Please use this identifier to cite or link to this item: https://scholarbank.nus.edu.sg/handle/10635/221187
Title: AN INTERVENTION STUDY ON SPILLOVER EFFECTS IN PRO-ENVIRONMENTAL BEHAVIOURS IN SINGAPORE
Authors: THIEN, JIA YU
Keywords: Spillover Effects
Preference for Consistency
Intrinsic
Extrinsic
Motivation
Goal-setting
Pro-Environmental Behaviour
Financial incentives
Energy Consumption Behaviour
Intervention
Singapore
Building
PFM
Project and Facilities Management
Kua Harn Wei
2018/2019 PFM
Issue Date: 30-May-2019
Citation: THIEN, JIA YU (2019-05-30). AN INTERVENTION STUDY ON SPILLOVER EFFECTS IN PRO-ENVIRONMENTAL BEHAVIOURS IN SINGAPORE. ScholarBank@NUS Repository.
Abstract: In response to rapid climate change, there is an increasing need to study and promote Pro-Environmental Behaviours (PEB) affecting energy conservation. Researchers in the field have found that it is possible for individuals to adopt or increase PEBs not targeted by an intervention through a phenomenon known as ‘spillover effects’. The study consisted of a four-week field experiment conducted in Singapore, with a final sample size of 146 households divided into four experimental groups – Control Group, Financial Incentive Group, Assigned Goal Group and Self-Set Goal Group. Participants in the intervention groups were tasked to reduce electricity by a percentage either assigned to them or set by them, and those in the Financial Incentive group were promised cash vouchers upon hitting their assigned goals. To identify for spillover effects, the gas, water, food, and transport behaviours of participants were analysed, although participants were not requested to be more conservative in these domains. Over the course of a four-week study, weekly utility meter readings and data from three sets of surveys were collected. The results have shown that participants in the Financial Incentive Group reduced the most electricity but produced little to no spillover effects, while participants in the Self-Set Goal Group produced the most spillover effects while also reducing a significant amount of electricity. Thus, of all the interventions studied, allowing participants to self-select their own goals seem to be the most effective in promoting PEBs.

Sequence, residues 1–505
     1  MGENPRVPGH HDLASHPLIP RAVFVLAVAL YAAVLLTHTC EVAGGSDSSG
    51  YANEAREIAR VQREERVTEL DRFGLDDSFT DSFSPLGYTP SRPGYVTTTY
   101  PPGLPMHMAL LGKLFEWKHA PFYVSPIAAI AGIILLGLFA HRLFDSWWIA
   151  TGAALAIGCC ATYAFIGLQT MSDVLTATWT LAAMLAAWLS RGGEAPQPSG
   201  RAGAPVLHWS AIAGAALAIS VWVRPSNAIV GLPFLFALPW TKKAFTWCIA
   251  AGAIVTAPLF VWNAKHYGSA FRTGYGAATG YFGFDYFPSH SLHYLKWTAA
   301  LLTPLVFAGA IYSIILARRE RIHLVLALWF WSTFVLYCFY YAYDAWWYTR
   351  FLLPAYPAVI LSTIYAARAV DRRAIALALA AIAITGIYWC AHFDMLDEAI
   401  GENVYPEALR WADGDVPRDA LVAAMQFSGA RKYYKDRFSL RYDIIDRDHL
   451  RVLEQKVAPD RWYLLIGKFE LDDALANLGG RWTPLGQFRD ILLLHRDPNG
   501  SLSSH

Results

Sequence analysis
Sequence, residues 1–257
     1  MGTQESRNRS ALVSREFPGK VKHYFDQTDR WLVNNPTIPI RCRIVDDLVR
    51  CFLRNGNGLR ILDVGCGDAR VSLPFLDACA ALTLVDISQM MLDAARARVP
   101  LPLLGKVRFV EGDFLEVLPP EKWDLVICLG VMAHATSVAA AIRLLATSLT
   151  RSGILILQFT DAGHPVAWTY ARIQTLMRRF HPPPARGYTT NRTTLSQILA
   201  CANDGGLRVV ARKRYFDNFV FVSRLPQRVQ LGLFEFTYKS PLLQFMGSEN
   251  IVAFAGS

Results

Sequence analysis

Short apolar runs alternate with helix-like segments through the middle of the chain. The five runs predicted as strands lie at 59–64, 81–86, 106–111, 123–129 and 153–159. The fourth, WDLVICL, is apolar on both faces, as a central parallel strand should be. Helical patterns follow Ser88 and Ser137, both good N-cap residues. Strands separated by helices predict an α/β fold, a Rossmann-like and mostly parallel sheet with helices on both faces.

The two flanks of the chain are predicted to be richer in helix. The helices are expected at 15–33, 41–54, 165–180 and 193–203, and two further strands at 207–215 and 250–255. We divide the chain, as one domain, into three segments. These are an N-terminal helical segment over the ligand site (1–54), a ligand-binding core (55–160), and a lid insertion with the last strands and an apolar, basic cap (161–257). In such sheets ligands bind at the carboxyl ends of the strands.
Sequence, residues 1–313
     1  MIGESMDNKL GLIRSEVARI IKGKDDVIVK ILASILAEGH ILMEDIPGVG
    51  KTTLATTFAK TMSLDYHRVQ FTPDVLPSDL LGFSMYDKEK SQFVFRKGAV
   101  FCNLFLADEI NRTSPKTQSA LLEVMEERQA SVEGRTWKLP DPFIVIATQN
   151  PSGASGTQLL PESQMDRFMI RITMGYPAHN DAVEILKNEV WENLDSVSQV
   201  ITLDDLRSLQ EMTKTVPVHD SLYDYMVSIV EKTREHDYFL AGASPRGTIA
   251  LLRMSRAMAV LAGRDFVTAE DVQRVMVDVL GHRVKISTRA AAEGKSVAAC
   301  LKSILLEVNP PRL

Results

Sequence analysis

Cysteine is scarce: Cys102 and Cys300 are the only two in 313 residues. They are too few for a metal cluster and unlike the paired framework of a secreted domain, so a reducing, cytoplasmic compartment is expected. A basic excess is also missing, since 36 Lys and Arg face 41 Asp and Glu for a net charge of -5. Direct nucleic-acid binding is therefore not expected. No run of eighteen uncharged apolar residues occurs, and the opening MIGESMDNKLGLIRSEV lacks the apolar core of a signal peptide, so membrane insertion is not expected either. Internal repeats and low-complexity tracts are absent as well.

URI: https://scholarbank.nus.edu.sg/handle/10635/221187
Appears in Collections:Bachelor's Theses

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